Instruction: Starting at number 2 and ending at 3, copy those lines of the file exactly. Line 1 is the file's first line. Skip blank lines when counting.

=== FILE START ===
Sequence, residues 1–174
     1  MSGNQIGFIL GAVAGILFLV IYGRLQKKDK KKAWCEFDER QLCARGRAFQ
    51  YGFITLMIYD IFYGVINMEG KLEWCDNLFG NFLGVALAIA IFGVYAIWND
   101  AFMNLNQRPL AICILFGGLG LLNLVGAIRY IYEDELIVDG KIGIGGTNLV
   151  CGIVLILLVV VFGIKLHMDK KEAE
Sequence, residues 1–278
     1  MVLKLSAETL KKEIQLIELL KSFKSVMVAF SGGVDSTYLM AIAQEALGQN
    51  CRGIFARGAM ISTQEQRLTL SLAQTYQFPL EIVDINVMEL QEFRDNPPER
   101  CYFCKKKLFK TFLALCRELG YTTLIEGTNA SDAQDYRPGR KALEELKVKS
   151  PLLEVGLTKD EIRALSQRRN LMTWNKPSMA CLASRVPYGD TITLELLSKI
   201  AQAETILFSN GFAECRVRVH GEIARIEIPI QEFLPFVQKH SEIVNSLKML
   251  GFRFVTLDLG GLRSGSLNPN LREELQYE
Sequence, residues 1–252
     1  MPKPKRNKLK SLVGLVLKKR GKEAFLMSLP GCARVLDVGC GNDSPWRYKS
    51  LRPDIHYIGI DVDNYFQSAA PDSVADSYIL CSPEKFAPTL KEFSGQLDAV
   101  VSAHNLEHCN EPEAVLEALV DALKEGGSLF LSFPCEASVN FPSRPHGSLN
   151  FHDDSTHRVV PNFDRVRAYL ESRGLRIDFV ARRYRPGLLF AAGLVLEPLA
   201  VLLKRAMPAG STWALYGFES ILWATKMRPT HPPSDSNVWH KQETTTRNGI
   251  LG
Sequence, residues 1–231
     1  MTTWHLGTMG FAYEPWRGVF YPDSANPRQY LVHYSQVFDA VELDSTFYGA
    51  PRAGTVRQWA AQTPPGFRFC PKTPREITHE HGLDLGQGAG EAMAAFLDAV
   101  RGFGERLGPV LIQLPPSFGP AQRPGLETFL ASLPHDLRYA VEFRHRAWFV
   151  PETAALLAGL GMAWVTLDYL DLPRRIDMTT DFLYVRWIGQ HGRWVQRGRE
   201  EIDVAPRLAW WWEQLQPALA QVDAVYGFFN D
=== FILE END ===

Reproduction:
     1  MSGNQIGFIL GAVAGILFLV IYGRLQKKDK KKAWCEFDER QLCARGRAFQ
    51  YGFITLMIYD IFYGVINMEG KLEWCDNLFG NFLGVALAIA IFGVYAIWND